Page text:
Basic business email etiquette rules


The following article is aiming to provide tips and advices on a daily procedure of all professionals. The electronic communication has become the most common approach when it comes to offices, buildings and in-company environment. The electronic mail (email) is found on the top of the mentioned list.

On average, each employee spends a quarter of workweek by writing hundreds of emails. Even though we are fastened to the reply button, we might find some helpful advices for a more appropriate approach to the fully professional email composition.

Due to the high volume of emails we receive and send, we may make embarrassing errors, and those mistakes might sometimes come with serious consequences. The most essential email etiquette rules are described below.

1. Keep your subject clear and direct
Some examples for a clear and direct subject lines are “Daily Technical Report”, “Meeting time changed”, “Communication issues on Vessel LAN System”. Recipients frequently decide when to open the email according to the provided subject line. Pick the one that goes straight to the point of the message.

2. Think twice before you click ‘reply all’
No one likes to get emails from 15 people that have nothing to do with them. Skipping thee mails cannot be easy, with several people getting notification on their mobile devices or ignoring notifications on their computer screens while working. Avoid using this email feature, unless you really believe that all recipients need to get the email.

3. Include your electronic signature
Provide the recipient some information about you, by stating details like your full name, your position, phone number, extension and address. Be careful though not to go overboard with different fonts, sizes, colours and ‘artwork’.

4. Make use of professional salutation
Avoid using laid-back, casual expressions like, “Hey folks”, “Yo” or “Hi guys”. The relaxed way of your writings should not be confused with your email salutation especially in the workplace. Yo is not ok either, use the Dear Sir, Dear Mark instead. In addition, avoid using shortening names like Mike instead of Michael unless you are sure he preferred to be called like that.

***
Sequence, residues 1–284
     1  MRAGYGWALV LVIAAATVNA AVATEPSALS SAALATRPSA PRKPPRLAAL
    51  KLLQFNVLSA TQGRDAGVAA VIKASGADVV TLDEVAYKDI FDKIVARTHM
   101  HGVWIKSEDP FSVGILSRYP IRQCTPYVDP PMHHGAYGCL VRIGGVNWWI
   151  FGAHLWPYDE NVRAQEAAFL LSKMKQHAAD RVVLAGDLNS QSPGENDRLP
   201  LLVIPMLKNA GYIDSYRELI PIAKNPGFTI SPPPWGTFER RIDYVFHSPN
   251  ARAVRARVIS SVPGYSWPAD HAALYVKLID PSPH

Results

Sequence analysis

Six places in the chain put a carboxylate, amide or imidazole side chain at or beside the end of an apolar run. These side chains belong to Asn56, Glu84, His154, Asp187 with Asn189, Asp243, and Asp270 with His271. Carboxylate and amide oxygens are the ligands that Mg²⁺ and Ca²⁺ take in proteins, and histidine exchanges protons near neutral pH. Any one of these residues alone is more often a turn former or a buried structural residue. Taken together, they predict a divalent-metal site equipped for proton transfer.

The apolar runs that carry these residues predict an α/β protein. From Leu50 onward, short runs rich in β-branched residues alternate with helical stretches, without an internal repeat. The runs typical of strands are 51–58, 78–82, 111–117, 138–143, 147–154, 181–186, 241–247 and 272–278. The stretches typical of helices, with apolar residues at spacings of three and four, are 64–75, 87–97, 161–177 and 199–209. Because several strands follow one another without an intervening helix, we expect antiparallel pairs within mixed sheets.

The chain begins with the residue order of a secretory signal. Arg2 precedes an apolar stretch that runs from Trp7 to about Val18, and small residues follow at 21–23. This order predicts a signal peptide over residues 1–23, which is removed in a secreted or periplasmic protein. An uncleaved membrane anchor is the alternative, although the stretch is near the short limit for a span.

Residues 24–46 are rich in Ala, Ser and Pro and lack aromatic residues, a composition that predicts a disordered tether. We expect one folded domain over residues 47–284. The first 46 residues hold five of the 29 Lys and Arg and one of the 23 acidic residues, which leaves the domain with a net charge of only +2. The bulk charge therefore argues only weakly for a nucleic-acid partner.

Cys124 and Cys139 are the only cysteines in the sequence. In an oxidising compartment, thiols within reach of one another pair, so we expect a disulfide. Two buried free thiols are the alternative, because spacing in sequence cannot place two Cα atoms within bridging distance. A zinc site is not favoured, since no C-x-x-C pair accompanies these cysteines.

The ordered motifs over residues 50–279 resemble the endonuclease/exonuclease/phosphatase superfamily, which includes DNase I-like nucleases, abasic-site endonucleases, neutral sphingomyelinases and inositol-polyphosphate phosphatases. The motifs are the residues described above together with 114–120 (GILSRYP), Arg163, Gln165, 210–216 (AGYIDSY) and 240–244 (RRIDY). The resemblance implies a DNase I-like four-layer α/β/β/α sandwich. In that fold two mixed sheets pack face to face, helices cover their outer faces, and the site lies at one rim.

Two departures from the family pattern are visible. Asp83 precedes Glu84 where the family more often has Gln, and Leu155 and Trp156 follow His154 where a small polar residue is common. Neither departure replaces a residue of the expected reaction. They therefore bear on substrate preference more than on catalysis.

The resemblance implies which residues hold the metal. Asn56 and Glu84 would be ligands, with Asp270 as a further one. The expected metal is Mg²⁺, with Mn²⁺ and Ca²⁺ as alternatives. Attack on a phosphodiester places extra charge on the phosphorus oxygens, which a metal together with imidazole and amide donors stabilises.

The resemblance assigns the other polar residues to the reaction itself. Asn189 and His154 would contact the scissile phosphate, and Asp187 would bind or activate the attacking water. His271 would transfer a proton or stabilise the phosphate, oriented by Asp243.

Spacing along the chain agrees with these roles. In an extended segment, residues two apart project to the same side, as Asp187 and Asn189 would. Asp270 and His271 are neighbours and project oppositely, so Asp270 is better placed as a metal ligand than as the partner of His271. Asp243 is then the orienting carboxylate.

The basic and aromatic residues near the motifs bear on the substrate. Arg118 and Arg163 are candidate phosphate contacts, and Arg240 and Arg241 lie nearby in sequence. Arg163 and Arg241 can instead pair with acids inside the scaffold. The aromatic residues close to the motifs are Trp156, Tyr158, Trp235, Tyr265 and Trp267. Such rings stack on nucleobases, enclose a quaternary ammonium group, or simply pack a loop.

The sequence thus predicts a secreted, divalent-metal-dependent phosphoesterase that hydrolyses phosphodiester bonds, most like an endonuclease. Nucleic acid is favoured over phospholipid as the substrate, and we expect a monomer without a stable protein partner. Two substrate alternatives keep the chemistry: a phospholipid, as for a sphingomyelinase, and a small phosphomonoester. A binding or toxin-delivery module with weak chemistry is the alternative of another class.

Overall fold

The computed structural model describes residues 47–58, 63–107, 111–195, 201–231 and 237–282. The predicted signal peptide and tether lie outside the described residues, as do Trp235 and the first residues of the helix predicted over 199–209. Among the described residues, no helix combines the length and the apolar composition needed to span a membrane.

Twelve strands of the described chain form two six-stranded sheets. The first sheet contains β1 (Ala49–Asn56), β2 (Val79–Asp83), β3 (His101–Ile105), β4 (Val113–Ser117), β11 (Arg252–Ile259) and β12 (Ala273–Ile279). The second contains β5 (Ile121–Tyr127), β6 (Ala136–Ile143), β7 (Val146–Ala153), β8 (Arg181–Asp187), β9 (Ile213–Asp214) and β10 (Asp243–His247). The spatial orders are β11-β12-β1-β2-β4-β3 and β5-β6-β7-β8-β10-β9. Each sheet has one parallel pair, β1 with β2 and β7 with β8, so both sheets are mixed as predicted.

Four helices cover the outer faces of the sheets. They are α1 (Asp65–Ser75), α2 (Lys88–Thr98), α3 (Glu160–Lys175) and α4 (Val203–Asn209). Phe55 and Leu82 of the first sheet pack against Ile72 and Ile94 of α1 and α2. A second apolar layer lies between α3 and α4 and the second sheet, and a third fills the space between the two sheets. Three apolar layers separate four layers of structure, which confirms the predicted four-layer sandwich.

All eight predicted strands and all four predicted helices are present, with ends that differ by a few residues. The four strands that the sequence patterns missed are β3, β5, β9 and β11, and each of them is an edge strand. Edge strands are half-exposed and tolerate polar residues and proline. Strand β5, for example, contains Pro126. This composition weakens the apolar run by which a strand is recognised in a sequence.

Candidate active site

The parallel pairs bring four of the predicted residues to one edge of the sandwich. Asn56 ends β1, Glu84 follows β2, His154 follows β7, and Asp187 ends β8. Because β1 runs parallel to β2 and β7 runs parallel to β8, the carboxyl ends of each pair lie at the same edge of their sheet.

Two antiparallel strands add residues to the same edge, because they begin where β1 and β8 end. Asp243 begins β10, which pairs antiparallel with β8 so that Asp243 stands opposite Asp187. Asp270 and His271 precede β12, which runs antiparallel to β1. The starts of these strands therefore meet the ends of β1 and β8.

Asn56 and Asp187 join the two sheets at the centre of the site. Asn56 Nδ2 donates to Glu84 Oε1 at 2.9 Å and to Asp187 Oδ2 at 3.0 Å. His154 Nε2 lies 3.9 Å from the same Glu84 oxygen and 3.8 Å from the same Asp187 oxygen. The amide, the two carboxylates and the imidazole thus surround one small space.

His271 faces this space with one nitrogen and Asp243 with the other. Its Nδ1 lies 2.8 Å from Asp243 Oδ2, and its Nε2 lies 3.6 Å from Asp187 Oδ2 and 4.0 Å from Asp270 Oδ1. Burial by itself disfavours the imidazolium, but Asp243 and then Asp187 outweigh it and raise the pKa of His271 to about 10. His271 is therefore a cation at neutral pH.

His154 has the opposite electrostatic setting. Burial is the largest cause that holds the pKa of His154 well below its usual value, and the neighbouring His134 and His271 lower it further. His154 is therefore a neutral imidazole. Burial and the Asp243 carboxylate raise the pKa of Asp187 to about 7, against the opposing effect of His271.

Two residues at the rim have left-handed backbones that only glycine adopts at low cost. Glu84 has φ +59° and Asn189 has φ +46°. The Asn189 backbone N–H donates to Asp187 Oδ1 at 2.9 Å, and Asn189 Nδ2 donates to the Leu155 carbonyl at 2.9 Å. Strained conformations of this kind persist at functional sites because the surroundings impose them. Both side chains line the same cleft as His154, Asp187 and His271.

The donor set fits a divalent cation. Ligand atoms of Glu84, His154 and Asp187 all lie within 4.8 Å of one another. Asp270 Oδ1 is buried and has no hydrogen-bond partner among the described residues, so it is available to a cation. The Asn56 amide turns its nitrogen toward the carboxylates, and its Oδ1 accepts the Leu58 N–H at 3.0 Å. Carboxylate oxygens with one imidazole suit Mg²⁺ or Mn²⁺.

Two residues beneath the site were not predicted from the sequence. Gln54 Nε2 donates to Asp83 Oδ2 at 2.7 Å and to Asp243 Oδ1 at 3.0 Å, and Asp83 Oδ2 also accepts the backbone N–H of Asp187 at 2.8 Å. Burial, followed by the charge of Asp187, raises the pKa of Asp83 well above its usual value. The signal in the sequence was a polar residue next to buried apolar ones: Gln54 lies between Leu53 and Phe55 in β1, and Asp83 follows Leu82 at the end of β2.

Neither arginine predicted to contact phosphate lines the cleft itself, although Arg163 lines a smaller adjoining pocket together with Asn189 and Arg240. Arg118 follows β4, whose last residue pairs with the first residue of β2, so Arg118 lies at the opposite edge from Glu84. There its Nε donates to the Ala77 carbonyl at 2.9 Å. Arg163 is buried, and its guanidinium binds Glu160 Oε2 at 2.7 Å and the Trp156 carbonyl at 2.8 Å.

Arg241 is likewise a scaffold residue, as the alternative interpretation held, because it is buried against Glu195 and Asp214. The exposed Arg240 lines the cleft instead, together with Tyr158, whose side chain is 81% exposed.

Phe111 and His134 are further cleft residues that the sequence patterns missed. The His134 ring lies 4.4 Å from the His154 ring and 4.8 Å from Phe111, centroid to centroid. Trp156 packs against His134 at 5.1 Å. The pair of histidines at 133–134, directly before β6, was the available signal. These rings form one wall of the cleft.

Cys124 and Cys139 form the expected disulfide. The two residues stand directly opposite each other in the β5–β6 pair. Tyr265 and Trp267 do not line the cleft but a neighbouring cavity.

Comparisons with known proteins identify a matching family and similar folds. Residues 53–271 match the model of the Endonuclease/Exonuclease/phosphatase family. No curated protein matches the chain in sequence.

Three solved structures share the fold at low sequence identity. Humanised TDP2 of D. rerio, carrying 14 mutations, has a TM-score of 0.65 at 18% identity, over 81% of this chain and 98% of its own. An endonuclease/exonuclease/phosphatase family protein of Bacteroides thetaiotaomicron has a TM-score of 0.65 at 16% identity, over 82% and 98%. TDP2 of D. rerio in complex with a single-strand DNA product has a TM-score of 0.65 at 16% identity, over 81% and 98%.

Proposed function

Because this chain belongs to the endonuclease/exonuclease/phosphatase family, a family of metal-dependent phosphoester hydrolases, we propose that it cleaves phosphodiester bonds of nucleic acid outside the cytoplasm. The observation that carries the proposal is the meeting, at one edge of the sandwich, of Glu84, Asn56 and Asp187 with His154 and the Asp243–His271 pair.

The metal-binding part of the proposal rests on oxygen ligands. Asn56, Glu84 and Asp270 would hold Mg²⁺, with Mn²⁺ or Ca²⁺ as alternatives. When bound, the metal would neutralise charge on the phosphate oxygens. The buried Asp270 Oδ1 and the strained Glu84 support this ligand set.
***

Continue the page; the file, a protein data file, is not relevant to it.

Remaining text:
5. Make use of the exclamation points sparingly
In case you want to convey excitement, use only one exclamation point. We sometimes sentimentalized and put a number of exclamation points at the end of a sentence, resulting with an over-emotional or immature email. Exclamation marks should be barely used.

6. Be cautious with humour
Written humour can easily get lost in translation without the correct facial expressions. Unless you know the recipient well, it is good to avoid using humour during a professional conversation via emails. In addition, keep in mind that a funny point to you might not be funny to others.

7. Remember that people from different cultures speak and write differently
Miscommunication might easily arise because of cultural differences, especially during writing when we cannot convey each other’s body language. Compose your message based on the recipient’s cultural background or how well you know each other. A good point to remember is that low-context cultures (German, American or Scandinavian) prefer to get straight to the point very quickly. On the other hand, high-context cultures (Japanese, Arab or Chinese) want to get familiarized with you before proceeding onto business.